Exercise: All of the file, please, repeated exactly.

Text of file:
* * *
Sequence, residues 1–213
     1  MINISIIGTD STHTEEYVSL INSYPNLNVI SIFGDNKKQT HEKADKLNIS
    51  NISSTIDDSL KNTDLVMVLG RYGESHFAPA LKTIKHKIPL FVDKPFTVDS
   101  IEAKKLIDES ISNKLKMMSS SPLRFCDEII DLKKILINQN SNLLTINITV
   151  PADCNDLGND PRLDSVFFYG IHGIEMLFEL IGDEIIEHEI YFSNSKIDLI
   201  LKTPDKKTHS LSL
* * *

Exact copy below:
Sequence, residues 1–213
     1  MINISIIGTD STHTEEYVSL INSYPNLNVI SIFGDNKKQT HEKADKLNIS
    51  NISSTIDDSL KNTDLVMVLG RYGESHFAPA LKTIKHKIPL FVDKPFTVDS
   101  IEAKKLIDES ISNKLKMMSS SPLRFCDEII DLKKILINQN SNLLTINITV
   151  PADCNDLGND PRLDSVFFYG IHGIEMLFEL IGDEIIEHEI YFSNSKIDLI
   201  LKTPDKKTHS LSL